o       After an affirmative decision is made, the FHVL will confirm such with the member library and with the donor/granting agency supplying requisite documentation on 501(c)(3) status.
o       At this time, there is no fee for this service, but a modest one for administrative costs is under consideration by the Board.
o       The Board encourages libraries to apply for and receive their own 501(c)(3) designation within two years of requesting the FHVL to serve as their fiscal agent.  Use to see if you are listed as a 501(c)(3) or call the IRS Tax Exempt Organization help line at 877.829.5500. .

Please note:  The Foundation for Hudson Valley Libraries meets multiple times a year and will consider requests at other times if necessary. Address: Foundation for Hudson Valley Libraries c/o Executive Director, Mid-Hudson Library System, 103 Market Street, Poughkeepsie, NY 12601.

7. What can a paid fundraising consultant do for my library’s fundraising efforts?

A paid fundraising consultant can serve your needs in a variety of ways. In recent years member libraries have used consultants to conduct feasibility studies of their communities to better focus fundraising efforts. Consultants can frame a fundraising plan from the information gathered about your library and your community and do a lot of legwork for you – special event arrangement, public relations, grant writing. Remember they work for you so use them as best you can to maximize the time and money invested in the consultant. A list of fundraising consultants is available. For more information contact Rebekkah Smith, MHLS Coordinator of Member Information.

8. Should monies raised from fundraising events be put into the library’s general operating funds or should they be kept separate?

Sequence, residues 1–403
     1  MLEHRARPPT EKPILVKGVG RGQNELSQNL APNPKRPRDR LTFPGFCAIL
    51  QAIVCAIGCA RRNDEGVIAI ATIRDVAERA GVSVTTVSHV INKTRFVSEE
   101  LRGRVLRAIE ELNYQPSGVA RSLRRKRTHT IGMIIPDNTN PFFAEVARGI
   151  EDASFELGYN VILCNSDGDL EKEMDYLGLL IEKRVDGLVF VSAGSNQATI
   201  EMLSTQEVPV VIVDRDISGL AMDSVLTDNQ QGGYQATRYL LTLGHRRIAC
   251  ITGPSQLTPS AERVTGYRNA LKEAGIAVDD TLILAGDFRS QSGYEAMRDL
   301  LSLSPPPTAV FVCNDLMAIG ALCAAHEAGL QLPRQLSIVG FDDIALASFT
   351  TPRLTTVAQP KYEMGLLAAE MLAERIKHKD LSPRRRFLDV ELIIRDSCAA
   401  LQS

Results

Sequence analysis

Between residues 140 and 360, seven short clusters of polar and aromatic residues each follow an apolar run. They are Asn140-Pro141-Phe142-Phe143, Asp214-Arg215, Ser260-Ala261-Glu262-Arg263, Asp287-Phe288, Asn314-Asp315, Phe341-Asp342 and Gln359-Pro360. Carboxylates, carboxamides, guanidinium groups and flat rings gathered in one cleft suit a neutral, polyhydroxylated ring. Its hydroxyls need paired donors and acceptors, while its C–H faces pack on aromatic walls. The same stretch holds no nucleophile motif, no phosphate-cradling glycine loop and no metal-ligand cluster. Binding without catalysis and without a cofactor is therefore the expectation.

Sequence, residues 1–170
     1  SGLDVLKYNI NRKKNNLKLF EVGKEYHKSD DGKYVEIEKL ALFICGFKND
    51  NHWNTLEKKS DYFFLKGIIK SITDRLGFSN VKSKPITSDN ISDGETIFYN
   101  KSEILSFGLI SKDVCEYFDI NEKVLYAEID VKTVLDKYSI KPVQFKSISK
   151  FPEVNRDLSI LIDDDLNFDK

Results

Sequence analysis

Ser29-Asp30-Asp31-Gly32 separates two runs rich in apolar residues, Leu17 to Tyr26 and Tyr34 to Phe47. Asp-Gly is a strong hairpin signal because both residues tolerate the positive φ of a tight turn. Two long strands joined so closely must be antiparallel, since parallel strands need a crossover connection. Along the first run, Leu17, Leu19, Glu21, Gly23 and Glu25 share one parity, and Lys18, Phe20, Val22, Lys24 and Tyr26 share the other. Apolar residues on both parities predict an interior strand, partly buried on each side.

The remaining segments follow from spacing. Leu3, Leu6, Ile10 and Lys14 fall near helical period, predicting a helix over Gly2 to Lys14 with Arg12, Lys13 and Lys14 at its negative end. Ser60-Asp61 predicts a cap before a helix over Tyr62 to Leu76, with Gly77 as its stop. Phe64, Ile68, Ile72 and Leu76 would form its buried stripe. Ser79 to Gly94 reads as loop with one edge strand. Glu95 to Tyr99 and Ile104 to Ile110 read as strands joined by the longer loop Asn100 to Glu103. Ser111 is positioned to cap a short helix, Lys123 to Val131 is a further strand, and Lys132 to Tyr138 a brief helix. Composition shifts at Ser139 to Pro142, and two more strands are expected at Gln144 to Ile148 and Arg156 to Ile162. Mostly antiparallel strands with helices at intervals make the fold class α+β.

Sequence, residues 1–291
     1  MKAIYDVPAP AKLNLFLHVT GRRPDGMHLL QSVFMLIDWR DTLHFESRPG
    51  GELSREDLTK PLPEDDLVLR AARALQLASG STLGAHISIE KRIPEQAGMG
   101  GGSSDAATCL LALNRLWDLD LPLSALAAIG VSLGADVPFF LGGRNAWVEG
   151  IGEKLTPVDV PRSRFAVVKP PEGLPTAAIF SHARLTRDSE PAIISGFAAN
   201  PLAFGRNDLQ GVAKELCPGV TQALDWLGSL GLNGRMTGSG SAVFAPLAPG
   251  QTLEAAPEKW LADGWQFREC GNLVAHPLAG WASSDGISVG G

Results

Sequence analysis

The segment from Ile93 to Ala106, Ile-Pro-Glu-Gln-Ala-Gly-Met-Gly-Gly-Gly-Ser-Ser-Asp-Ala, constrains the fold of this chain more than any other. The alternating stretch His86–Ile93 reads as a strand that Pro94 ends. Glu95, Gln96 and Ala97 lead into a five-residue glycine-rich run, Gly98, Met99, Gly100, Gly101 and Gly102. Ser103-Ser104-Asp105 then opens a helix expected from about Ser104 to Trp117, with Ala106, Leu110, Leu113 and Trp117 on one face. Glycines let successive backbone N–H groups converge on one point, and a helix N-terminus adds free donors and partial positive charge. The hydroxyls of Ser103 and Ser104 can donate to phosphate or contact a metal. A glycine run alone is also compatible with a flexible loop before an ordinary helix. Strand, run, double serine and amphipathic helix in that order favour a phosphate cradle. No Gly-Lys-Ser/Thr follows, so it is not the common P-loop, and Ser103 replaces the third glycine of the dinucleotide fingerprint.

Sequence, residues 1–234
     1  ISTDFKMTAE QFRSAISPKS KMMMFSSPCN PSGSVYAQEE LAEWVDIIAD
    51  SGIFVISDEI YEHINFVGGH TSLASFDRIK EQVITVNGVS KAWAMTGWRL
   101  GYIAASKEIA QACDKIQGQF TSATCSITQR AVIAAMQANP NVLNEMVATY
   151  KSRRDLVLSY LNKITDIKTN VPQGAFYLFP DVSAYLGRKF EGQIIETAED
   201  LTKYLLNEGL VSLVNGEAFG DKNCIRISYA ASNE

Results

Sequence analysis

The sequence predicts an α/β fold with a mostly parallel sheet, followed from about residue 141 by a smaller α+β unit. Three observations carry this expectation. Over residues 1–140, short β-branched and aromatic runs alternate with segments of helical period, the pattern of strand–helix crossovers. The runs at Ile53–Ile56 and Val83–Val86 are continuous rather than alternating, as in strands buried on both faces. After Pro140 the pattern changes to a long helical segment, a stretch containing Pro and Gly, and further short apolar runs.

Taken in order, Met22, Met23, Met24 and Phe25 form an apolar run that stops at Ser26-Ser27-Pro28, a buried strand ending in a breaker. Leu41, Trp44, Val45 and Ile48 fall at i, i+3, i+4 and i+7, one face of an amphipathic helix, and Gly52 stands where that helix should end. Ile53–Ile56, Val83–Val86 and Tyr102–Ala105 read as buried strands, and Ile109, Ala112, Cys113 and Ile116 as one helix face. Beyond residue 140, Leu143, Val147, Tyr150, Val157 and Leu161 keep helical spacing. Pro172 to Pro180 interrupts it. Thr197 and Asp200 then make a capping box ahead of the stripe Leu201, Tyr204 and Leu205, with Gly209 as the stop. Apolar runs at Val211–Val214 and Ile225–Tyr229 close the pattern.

Monies raised through fundraising events are one-time donations to your coffers. Putting such monies in your general operating budget masks the need for sustained funding for your library from year to year.

9. Is there special paperwork or reporting that my library needs to do if a capital campaign or building fund or other special project fundraising is undertaken?

Organizations that are tax exempt must file a form 990. Remember to acknowledge donations that are over $250; a donor can deduct a charitable contribution of $250 or more only if the donor has written acknowledgement from the charitable organization.

10. Are there any online resources on fundraising?

Yes, there are many sites with useful fundraising information. Check out these clearinghouses:

o       MHLS’ Fundraising Resources web page

o       Fundraising for the Small Public Library

o       Selected Grants and Fundraising Resources from the New York State Library

o’s Fundraising links

Other electronic resources for libraries are:
·      MHLS Fundraising Listserv
·      Foundation Center resources such as the FC Search CD-ROM are available at all five area Fundraising Information Center (FIC) Libraries

11. What training is available?

Along with workshops and training facilitated by MHLS, other organizations also provide assistance, such as the New York State Library, the Council of Community Services of NYS, Inc., and the Foundation Center Cooperating Collection at the Adriance Memorial Library of the Poughkeepsie Public Library District. Subscribe to the MHLS Fundraising Listserv for training announcements or watch the MHLS bulletin and listserv for opportunities.

12.            How do you find out who to ask for money?

Visit a Fundraising Information Center library or the Foundation Center Cooperating Collection at the Adriance Memorial Library (PPLD) to research funders interested in libraries and special programming you have in mind.

For answers to more of your fundraising questions visit the Fundraising Resources section of the MHLS web site,



Need more help? contact Rebekkah Smith Aldrich, Coordinator of Member Information [].